On day one of normal business, Mrs Magdalene Apenteng, Director of Public Investment Division (PID) of MOF at a welcoming dinner, gave the sign posts of what PPP is and what the programme is not.


The objective of the MOF was to use the media as a spring board to create public awareness about PPP, and so for those who were not privy to some of the documents made available to the participants get some few notes right.

Privatisation and PPPs are both forms of private sector participation in infrastructure service delivery. However, in PPPs the public sector retains underlying ownership of the asset and accountability for service delivery, while physical asset provision and service delivery is provided by the private sector in line with the contract agreement.

Risks and rewards in a PPP are allocated and shared in line with the contract between the public and private sectors.

The government has over the years been having challenges with the provision and maintenance of infrastructure for accelerated development due to budgetary constraints.

It is estimated that addressing the country’s current infrastructure deficit would require sustained spending of at least $ 1.5 billion per annum over the next decade.

Government has therefore decided to encourage the use of PPP as a means of leveraging public and private sector resources and expertise to close the infrastructure gap and deliver efficient public infrastructure and services.

The use of PPPs is seen by government as a strategic mechanism for procuring, financing and delivering public infrastructure and related public services.

A national PPP policy has been developed and some of the country’s development partners, such as the World Bank (WB) and the UK Department for International Development, are supporting to prepare the legal framework for the proper implementation of the policy.

The development partners are also assisting the country to build the capacity of relevant bodies for the adoption of PPP as a major strategy to finance public infrastructure.

To this end, the WB is providing the country with $ 30 million from 2012-2016 for capacity building at various levels so that a more comprehensive programme could be put in place to fully implement PPP projects from 2017.
The MOF in 2010 established the PID Division as the PPP Advisory team to take the lead role in the programme.
One of the two units is the Project Finance and Analysis Unit, which has responsibilities for gate keeping and upstream investment appraisal.

The other key unit is the PPP Advisory Unit with technical expertise to support the Ministries, Departments and Agencies (MDAs) in the development and management of prospective PPP transactions that satisfy the country’s public investment priorities.

There is also the Strategic Projects Unit and the Public Entities Unit.

A PPP is a long-term contractual arrangement between a public entity and a private sector party, with clear agreement on shared objectives for the provision of public infrastructure and services traditionally provided by the public sector.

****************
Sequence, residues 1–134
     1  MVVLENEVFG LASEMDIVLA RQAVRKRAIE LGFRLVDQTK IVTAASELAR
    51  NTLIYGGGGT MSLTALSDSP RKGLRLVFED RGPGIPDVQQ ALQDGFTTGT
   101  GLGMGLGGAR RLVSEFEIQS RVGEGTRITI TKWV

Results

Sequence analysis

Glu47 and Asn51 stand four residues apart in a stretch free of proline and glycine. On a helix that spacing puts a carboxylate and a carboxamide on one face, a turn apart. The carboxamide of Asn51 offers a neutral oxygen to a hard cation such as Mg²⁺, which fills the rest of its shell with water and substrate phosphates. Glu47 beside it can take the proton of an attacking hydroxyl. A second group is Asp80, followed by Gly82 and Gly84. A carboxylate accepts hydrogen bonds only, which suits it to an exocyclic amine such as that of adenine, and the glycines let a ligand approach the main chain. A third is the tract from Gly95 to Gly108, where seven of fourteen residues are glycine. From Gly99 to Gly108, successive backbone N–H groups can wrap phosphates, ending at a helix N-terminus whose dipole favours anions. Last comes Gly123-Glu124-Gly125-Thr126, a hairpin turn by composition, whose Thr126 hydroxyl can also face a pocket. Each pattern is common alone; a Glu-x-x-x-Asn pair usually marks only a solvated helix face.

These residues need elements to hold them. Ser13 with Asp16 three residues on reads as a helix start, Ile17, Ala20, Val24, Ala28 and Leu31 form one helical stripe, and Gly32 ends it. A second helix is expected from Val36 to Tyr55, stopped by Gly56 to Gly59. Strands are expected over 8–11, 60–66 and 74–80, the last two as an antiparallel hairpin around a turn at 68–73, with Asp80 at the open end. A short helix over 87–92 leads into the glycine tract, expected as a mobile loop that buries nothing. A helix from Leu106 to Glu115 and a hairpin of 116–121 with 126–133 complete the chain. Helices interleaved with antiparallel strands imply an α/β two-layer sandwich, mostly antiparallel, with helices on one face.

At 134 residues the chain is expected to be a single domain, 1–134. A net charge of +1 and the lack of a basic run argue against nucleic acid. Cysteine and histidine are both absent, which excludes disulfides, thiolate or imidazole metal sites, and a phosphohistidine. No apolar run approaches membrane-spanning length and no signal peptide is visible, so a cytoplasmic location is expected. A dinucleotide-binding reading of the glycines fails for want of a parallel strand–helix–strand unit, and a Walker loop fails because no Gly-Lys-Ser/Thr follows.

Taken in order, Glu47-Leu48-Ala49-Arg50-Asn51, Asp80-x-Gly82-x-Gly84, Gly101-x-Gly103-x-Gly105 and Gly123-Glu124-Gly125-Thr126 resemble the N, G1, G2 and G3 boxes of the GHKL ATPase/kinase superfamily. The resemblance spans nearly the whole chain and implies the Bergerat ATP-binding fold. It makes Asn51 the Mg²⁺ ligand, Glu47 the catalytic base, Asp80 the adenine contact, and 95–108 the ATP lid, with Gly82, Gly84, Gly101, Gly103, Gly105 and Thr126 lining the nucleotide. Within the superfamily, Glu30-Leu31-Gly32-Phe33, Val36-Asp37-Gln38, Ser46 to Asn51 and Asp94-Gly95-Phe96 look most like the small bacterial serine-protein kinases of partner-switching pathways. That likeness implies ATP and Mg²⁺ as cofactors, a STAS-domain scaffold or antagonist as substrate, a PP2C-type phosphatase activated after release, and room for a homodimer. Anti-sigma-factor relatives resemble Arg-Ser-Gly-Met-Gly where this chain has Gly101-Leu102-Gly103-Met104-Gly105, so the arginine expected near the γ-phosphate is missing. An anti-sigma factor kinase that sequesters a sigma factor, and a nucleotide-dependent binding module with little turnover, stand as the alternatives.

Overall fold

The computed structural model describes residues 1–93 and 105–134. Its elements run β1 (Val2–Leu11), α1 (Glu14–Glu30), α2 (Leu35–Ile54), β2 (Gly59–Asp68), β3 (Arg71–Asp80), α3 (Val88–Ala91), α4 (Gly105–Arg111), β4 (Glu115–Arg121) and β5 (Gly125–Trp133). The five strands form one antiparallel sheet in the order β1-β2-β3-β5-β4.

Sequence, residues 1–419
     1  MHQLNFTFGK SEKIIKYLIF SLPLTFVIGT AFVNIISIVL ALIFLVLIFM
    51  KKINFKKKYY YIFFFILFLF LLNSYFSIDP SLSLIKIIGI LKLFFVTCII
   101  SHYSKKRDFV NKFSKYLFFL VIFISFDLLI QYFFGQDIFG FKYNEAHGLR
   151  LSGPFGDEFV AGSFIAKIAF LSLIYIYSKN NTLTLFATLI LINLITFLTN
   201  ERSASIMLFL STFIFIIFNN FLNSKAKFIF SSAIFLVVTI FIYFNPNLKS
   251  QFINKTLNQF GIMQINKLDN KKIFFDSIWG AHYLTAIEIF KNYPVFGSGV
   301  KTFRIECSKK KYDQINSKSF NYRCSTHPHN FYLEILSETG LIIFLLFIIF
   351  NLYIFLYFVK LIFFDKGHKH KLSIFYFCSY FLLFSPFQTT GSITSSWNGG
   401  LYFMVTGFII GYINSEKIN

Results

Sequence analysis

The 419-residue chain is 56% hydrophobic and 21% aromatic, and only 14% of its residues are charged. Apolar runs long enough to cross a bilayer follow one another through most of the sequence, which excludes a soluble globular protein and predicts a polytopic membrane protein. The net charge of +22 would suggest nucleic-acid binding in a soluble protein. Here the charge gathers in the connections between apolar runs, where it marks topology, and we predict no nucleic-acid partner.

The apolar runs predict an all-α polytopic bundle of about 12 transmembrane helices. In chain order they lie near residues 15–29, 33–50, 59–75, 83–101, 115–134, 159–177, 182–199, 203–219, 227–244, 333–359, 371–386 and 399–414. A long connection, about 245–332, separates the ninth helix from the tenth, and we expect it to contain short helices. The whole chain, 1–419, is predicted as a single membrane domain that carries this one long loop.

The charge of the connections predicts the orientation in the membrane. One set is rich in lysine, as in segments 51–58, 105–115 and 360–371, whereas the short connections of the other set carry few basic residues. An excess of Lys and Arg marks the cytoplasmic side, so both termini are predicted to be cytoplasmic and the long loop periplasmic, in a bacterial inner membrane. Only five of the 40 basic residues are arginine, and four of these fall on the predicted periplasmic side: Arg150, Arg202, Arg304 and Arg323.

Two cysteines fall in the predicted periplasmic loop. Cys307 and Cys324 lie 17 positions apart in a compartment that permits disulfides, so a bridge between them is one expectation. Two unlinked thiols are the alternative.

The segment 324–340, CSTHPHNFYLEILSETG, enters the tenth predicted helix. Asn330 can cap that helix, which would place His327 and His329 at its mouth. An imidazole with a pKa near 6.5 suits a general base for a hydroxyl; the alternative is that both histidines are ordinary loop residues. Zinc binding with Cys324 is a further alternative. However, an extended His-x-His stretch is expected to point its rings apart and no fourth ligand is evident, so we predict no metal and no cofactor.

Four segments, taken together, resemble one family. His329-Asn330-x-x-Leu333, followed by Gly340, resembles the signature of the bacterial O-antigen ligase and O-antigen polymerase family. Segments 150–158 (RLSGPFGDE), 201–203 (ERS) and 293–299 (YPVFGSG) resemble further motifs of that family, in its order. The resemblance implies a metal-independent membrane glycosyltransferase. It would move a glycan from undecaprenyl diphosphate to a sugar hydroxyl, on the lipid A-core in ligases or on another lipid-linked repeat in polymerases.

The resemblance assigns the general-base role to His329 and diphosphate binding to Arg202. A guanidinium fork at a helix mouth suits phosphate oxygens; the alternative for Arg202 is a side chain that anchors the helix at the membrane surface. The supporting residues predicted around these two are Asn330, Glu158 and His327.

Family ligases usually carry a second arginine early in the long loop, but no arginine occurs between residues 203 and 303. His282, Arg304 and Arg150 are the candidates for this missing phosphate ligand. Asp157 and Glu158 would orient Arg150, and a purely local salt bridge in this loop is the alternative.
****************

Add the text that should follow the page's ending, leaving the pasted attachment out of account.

Usually, in a PPP arrangement, the private sector party performs part of or all of a government’s service delivery functions and assumes the associated risks for a significant period of time.

In return, the private sector partly receives a benefit, normally financial remuneration, according to predefined performance criteria.

The pipeline projects are Accra-Takoradi Highway Dualisation, Accra-Tema Motorway, Takoradi Port Rehabilitation and Expansion and Boankra Inland Port/Eastern Railway Line Project.

Others are Urology/Nephrology Centre of Excellence, Asutsuare Bulk Water Project, Martey-Tsuru Community Development, Model Markets, Kantamanto Market Project, Kwasiadwso Market Project, London Market Project, Makola Market Project and Mallam Atta Market.
The rest are Salaga Market Project, Development of Sports and Residential Facilities, Accra Plains Irrigation Project, Modern Pedestrian Foot Bridges and Development of Office Accommodation for Securities and Exchange Commission.

The contracting authorities of PPPs are the MDAs and Metropolitan, Municipal and District Assemblies (MMDAs) who are to identify or select a project they consider implementing.

The MDA/MMDA is responsible for managing the contract until the time of transfer to the government.
The good news is that the draft bill on PPP is with Cabinet to be passed on the Parliament for approval, however some of the guiding principles are value for money, risk allocation, ability to pay, local content and technology transfer, safeguarding public interest and consumer rights.

The clear objectives and output requirements are accountability, transparency and competition.

Source: GNA
A GNA feature by Nana Kodjo Jehu-Appiah


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